According to the study the current political opening in Saudi Arabia presents the US with a set of difficult challenges. Promoting reform in a society like the Saudi one is “inherently difficult” and domestic dynamics generate very few possibilities for a “significant” American role. US pressure for reform since 9/11 has been “inconsistent” and has had limited effect. The invasion of Iraq and the resulting turmoil has pushed the pendulum of US-Saudi relations back in the opposite direction. In the last two years, the Bush administration has softened its stance and lowered its profile on Saudi domestic issues. The royal family has resorted to what the study calls “scare tactics,” arguing that rapid, uncontrolled reforms would undermine its authority, leading to extremist takeover. Consequently, the US had abated its pressure for reform. However, the rift that 9/11 created between Riyadh and Washington has been largely repaired.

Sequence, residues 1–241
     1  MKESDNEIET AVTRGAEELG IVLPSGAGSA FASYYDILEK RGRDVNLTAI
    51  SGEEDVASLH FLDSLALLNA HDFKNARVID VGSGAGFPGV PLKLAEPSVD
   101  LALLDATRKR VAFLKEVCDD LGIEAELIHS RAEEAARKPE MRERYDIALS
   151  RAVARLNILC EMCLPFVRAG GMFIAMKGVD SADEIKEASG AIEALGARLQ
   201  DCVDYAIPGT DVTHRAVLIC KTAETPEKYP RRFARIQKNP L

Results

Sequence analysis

The study stresses that while the changes witnessed so far are significant, they do not mark the beginning of a Saudi democratisation process. “This is not a country that can be expected to legalise political parties or organise truly competitive elections in the near future. By the same token, the emergence of a powerful legislative authority or an independent judiciary is unlikely. Reforming the authoritarian polity in Saudi Arabia is bound to follow a slow path – an uneven process that entails the gradual expansion of political representation and the creation of new spaces where citizens enjoy unlimited freedoms. The US to hasten the process of change, should support the Saudi dissenting groups advocating reform and at the non-governmental level, it should offer to intensify its contacts with civil society actors. The Saudis should be persuaded to permit direct contacts between international organisations and domestic NGOs. On other issues, such as educational reform and gender equality, the US should keep a low profile, as they are highly sensitive and divisive.